MARKETS - Banzai Pipeline

Block network Pipeline Trading is reaching for more business by helping clients navigate the often befuddling world of algorithmic trading.

Never before has the simPle act of buying and selling stock seemed so mind-numbingly complex. As electronic systems supplant old-fashioned trading floors, today’s equity traders face a dizzying array of options for executing their orders, from floor brokers to computerized algorithms.

Pipeline Trading Systems, a three-year-old electronic market, is trying to bring some order to the chaos. One of several so-called dark liquidity pools giving market participants a place to trade blocks anonymously, Pipeline averages 40,000 shares per trade, compared with an average of just a few hundred shares for the New York Stock Exchange. Traders have flocked to the system, which handles some 32 million shares daily, up threefold from two years ago.

But most trading still occurs away from Pipeline and other dark pools — on markets like the NYSE and the Nasdaq Stock Market, which require users to reveal more information, including the prices at which they want to trade. Pipeline wants to capture some of this trading, about half of which is done using algorithms that chop big orders into hundreds of smaller ones, executing them over time in multiple places at the best available prices. Algorithms have so proliferated — virtually every brokerage firm of consequence offers several tailored to various trading styles and strategies — that traders are often befuddled about which ones to use and whether they work.

Pipeline hopes to capitalize on that confusion with a new system it calls an algorithm switching engine. The firm, partnering with several brokerages it declines to name, will let traders using Pipeline’s dark pool make a portion of their orders available for execution through these firms’ algorithms. Pipeline’s system analyzes these orders using 50 trading characteristics — such as the stock symbol, number of shares and time of day — to predict market behavior, while continuously selecting the optimal execution style for each order at a given point in time. Depending on market conditions, the engine may use several algorithms over an hour or two to execute the part of an order that isn’t filled in the block book. Pipeline built the system with Adaptive Technologies, a predictive analytics company co-founded by Pipeline research head Henri Waelbroeck and Santa Fe Institute professor J. Doyne Farmer, co-founder of research firm Prediction Co.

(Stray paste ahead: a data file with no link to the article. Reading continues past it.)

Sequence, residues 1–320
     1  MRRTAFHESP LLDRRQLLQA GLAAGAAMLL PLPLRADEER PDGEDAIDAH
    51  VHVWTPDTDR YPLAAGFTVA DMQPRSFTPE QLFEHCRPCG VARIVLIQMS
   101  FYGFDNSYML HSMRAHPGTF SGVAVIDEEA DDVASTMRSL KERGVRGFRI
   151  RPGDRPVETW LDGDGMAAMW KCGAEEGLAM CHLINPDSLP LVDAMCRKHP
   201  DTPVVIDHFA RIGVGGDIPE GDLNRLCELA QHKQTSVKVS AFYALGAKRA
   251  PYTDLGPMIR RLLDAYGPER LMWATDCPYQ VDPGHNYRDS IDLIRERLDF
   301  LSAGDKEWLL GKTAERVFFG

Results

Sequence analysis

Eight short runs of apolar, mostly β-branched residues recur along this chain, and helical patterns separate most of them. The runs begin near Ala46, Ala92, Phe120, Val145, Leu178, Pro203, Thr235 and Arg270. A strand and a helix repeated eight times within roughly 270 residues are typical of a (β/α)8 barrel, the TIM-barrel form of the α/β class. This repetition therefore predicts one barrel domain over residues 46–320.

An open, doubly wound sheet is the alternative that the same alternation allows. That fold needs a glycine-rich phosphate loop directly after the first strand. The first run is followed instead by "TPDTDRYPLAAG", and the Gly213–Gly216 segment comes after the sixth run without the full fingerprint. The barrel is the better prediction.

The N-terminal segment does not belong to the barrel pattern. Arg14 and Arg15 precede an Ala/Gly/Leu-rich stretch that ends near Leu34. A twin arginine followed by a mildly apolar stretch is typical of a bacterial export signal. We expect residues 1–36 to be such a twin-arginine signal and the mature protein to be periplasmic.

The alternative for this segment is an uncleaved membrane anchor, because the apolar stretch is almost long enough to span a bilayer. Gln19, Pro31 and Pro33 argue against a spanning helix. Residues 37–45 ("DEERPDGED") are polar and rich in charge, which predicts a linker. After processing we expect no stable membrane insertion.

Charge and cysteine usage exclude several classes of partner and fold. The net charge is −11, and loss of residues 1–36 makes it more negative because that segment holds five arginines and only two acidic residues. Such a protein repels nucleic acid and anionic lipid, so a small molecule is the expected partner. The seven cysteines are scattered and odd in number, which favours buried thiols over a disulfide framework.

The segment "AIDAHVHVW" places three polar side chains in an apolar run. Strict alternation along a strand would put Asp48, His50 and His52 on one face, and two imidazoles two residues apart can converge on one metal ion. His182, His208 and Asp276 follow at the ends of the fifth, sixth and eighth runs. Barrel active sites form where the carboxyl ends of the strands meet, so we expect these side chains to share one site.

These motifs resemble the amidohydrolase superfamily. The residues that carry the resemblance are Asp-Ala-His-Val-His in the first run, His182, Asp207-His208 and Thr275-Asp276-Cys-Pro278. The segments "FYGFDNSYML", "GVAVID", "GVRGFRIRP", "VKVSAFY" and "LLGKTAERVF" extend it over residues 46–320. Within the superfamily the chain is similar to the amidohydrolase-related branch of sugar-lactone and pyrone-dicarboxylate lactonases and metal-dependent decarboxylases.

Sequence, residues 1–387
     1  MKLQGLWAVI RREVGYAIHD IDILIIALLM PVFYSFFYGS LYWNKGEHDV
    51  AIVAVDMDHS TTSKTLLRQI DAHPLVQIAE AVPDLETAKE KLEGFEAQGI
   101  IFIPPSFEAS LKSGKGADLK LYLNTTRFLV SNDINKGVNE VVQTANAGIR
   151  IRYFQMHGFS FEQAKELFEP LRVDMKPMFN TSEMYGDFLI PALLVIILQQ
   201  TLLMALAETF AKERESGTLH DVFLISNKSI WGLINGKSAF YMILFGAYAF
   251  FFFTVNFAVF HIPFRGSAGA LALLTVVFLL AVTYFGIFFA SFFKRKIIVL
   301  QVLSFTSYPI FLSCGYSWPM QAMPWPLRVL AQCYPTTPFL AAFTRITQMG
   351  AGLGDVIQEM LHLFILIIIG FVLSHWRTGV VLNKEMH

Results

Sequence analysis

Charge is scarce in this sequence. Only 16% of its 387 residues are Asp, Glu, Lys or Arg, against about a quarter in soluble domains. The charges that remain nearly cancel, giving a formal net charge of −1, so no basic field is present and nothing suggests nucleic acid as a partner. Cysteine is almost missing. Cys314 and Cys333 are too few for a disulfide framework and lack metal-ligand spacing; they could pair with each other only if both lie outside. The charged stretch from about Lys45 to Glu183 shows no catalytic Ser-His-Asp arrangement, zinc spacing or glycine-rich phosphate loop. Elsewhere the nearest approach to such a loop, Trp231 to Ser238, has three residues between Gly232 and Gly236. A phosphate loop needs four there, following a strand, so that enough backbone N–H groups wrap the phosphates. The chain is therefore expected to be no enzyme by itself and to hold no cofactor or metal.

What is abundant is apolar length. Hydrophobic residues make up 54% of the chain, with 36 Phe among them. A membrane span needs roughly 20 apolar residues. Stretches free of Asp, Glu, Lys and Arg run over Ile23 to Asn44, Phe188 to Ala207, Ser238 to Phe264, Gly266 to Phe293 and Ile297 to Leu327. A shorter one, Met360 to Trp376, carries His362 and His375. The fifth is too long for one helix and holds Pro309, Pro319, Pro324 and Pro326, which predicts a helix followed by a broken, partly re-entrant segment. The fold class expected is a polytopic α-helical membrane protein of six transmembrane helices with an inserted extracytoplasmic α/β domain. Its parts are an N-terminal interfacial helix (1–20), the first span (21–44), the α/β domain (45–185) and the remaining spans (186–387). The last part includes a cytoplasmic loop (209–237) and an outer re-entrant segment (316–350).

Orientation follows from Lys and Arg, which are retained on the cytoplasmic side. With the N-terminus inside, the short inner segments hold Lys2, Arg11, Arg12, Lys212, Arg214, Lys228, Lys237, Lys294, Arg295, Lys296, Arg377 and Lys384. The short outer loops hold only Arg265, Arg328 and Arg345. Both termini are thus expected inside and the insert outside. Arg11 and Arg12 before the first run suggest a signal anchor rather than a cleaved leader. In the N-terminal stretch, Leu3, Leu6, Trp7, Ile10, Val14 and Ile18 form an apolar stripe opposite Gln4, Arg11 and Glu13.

“The fact is that 95 percent of the shares our customers have to trade are not getting done in the block market, and there’s an opportunity cost there,” says Pipeline’s president, Fred Federspiel. A former nuclear physicist for the Los Alamos National Laboratory in New Mexico, Federspiel learned about trading as a salesman for technology consulting firm Bios Group and co-founded Pipeline as a division of Nasdaq in 1999. (Nasdaq has since spun off Pipeline but retains a minority stake in the 60-person firm, whose chairman is ex-Nasdaq president Alfred Berkeley III.) “Our customers have been asking us to find a way to marry block discovery with the rest of the market,” says Federspiel.

Pipeline will keep a portion of the commissions paid to the brokerages whose algorithms are part of the switching engine. About a dozen broker algorithms were accessible through the system when it launched last month, and Pipeline is in talks with several brokerages about adding more, says Federspiel.

Pipeline’s initiative is part of a trend toward merging the liquidity displayed in public markets, such as the NYSE and Nasdaq, with the dark liquidity in crossing networks, like Pipeline’s block book. Liquidnet Holdings, a Pipeline competitor, last year introduced a system called H2O that exposes shares in its crossing network to algorithmic flow from brokerage firms. More recently, Liquidnet acquired algorithmic shop Miletus Trading and began working on ways to integrate that firm’s business with its own core crossing network. And brokerages like Credit Suisse have negotiated deals with dark pools to include them as execution destinations for certain of their algorithms.

Pipeline is the only firm that claims the ability to help clients pick which algorithms will work best for specific trades. There’s plenty of potential there, but also the risk of alienating customers by making the wrong recommendations.

“It’s a great idea,” says a competitor of Pipeline’s new venture. “But you’d better be sure you’re giving people the right advice. I wouldn’t want to have people coming to me saying they lost all kinds of money because I told them to use the wrong algo.”